Whichever language(s) you speak, write or understand, I wish you and your loved ones a new year filled with happiness, health, joy, laughter, smiles, and yummilicious food in your bellies.

Speaking of which, here is a short & savory "recipe" for your drumsticks. Simply delicious.

No, not YOUR drumsticks, but chicken drumsticks that you bought at the store/farm first thing this morning because almost nothing was opened yesterday on the 1st of January and you didn't want to purchase them in Chinatown for personal reasons... Don't worry, it'll be our little secret...

Calling this a "recipe" is really a stretch. All you need is:
  • enough soy sauce (to fill about 5mm high of a shallow baking pan or dish or whatever you want to marinade in) 
  • minced garlic (of about 3, 4 cloves)  
  • chopped shallots (1-2) 
  • drumsticks (I scored them with 2, 3 deep lines almost to the bone, horizontally so that they'd soak up the marinade better and cook well at the more meaty part without drying out or burning)
Line the chicken in the pan with the marinade and turn them over once in a while to ensure that the soy sauce coats all. Let stand for about an hour or two, or refrigerate over night and let cool before cooking.

Cook in a pan over medium heat with a bit of olive or vegetable oil, turning over once in a while to cook all sides. Once done (mine took about 30-35 minutes) place them on a big plate and sprinkle freshly ground pepper over the top.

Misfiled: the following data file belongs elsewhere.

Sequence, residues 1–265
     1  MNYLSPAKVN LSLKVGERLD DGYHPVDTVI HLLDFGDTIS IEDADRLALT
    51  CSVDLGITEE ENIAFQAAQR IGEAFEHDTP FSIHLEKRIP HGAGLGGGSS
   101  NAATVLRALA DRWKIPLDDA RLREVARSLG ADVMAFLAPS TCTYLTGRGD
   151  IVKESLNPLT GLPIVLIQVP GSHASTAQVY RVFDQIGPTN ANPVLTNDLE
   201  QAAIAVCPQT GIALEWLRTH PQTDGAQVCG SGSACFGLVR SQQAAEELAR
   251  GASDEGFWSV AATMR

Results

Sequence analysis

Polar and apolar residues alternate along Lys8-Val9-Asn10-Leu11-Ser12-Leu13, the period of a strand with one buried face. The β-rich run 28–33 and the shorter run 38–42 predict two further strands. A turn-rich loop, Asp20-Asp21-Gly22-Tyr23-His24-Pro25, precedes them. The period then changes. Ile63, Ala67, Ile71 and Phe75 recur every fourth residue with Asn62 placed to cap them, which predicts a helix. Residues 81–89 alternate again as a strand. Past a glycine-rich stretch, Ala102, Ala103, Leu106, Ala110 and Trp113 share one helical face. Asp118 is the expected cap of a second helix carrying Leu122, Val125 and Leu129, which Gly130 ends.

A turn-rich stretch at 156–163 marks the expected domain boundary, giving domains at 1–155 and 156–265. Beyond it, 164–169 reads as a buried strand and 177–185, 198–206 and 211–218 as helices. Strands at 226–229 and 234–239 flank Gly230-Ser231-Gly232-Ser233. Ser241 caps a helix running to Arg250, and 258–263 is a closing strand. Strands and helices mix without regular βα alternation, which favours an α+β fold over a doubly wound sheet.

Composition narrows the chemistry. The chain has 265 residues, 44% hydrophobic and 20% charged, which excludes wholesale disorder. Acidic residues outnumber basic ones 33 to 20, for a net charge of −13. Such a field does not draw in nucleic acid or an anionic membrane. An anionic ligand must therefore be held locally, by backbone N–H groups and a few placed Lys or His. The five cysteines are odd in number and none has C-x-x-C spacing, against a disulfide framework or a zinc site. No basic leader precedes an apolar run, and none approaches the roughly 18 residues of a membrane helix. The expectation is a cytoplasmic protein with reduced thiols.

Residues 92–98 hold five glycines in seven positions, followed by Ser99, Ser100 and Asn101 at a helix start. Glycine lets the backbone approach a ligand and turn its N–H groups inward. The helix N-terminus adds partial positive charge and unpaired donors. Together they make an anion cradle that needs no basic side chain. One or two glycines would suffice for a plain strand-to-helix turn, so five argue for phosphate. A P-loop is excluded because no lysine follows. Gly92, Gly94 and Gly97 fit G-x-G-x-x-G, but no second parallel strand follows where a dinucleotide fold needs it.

Thursday, December 15, 2011

Crockpot pasta meat sauce with a twist

Ok, so I know what you're thinking: "ANOTHER pasta sauce recipe!?" because of course, we all have enough pasta sauce recipes in our closet!

But hear me out!!!

1-You won't have to keep going to check up on it
2-There is a twist that will give your pasta sauce a whole new depth.
3-No cleanup to do for splatters on the counter!!!

Seriously, if you have a crockpot, DO IT!

DO IT NOW!!!!! Ok, maybe not right now because for all I know, you're reading this in bed on your laptop at 1am while your significant other is snoring away on the left side of the bed. But do it when the sun is up because you won't regret it. You will have enough to freeze and the kids will ask for seconds (And I say this so firmly because I've got proof. Picky-eaters proof!)